Moral Progress and Scope of Moral Concern
I just read the first few pages of Paul Johnston’s (1999) The Contradictions of Modern Moral Philosophy, and he makes an interesting opening suggestion that addresses some of Robin’s concerns about whether we can know that we have made any moral progress – as he puts it, whether we can know that our moral beliefs are better than, say, those of Kant or Aristotle.
Johnston notes that the success of scientific explanation and challenges to traditional religious beliefs have given rise to various forms of moral skepticism and moral relativism, and suggests that, "Overall, there seems to be a real question as to whether, knowing what we do, we can still believe in right and wrong." The following paragraph, however, presents an interesting assessment of the situation of ethics in "modernity":
This issue looks surprisingly different when considered from a less theoretical perspective. Measured against our actual practices the suggestion that ethical thinking has lost its hold in our society seems exaggerated. Paradoxically, the modern world seems characterised not only by scepticism about ethics but also by the clash of strongly held moral views. Take the controversy about abortion. This debate highlights the divisions that can arise in our society, but it also refutes the suggestion that modernity and moral certainty are antithetical. Indeed, it could be argued that in some ways people today are more ethical than their forbears insofar as certain aspects of human life that were previously not believed to raise moral issues are now seen as doing so. The rise of vegetarianism and of new concepts such as animal rights suggest that, far from withering away in our society, ethical notions are gaining new force and fresh applications. Despite theoretical misgivings about ethics, the modern world seems willing to embrace moral codes even more demanding than those held in earlier times.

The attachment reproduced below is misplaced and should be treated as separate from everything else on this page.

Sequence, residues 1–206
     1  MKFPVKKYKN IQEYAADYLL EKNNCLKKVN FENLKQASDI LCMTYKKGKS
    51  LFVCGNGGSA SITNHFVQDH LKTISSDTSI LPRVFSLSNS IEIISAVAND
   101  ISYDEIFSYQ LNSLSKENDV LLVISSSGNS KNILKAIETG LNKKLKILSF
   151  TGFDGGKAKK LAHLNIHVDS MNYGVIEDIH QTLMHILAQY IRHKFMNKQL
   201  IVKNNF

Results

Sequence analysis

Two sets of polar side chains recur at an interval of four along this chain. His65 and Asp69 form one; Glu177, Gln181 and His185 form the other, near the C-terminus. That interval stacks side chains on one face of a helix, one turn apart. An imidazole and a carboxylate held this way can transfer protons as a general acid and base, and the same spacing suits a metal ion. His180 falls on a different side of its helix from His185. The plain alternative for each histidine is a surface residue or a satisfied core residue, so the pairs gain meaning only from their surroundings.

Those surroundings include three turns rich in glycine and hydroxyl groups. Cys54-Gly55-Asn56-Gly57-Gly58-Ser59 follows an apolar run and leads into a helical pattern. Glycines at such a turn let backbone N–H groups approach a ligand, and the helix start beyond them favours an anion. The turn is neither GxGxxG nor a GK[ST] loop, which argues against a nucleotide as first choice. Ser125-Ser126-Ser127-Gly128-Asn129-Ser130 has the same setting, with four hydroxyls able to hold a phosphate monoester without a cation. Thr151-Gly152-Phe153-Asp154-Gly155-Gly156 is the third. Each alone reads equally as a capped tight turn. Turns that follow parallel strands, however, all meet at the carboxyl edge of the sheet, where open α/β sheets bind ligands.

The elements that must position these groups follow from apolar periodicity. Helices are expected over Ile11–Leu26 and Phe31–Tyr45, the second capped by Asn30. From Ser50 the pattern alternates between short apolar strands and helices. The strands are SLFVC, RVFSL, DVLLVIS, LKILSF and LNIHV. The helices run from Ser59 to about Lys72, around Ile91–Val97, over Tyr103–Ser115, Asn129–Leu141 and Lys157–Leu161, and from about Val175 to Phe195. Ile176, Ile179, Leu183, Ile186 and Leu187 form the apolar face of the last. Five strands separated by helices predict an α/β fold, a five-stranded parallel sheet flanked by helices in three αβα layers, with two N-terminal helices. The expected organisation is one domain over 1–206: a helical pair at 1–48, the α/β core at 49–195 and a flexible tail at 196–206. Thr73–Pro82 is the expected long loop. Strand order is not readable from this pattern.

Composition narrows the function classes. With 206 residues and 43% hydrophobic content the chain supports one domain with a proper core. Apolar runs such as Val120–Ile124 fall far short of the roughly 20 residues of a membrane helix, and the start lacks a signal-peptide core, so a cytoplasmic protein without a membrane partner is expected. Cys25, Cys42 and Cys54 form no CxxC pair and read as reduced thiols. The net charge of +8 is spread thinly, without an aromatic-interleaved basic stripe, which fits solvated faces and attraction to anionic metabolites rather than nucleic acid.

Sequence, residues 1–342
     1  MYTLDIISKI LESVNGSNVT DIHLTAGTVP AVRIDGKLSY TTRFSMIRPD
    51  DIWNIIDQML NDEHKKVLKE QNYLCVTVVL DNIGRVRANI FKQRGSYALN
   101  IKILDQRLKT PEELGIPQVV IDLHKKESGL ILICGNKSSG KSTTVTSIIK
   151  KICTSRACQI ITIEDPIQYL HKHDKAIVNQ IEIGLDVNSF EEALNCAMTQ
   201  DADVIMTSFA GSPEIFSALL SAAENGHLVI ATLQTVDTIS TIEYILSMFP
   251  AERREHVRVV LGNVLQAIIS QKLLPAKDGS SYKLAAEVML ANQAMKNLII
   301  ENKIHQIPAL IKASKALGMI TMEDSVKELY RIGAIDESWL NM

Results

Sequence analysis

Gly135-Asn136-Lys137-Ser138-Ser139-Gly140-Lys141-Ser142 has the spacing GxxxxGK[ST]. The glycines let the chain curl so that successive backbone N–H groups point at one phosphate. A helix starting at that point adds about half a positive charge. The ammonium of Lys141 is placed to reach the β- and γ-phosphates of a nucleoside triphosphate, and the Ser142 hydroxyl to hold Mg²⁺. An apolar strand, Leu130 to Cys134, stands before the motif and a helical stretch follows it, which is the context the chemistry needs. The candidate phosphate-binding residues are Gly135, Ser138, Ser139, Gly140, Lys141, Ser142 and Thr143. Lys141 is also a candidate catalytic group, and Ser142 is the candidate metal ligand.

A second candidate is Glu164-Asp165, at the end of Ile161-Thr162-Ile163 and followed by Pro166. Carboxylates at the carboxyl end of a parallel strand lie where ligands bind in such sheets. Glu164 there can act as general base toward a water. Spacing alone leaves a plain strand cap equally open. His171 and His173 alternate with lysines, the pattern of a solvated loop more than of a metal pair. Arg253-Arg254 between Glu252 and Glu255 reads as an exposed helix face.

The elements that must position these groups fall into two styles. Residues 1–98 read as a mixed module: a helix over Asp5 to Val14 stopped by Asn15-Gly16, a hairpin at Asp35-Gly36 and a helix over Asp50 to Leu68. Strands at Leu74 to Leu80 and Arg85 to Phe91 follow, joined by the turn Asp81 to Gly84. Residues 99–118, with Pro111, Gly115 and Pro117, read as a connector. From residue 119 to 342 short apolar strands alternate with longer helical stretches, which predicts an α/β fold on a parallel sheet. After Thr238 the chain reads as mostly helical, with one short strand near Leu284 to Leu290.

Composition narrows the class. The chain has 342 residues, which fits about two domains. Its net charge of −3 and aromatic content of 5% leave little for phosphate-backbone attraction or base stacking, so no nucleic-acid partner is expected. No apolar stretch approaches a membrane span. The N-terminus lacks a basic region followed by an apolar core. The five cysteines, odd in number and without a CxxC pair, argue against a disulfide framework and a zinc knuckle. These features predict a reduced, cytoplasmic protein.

I suppose one could object to Johnston’s argument by claiming that we simply make mountains out of what our forbears would have only regarded as molehills. But it seems that saying that would commit one to the view that abolishing slavery and condemning sexual harassment are not to be regarded as moral improvements, since these are simply, to abuse Paul Graham’s phrase, "moral fashions." (Thanks for the reference to Graham, Daniel and Richard.)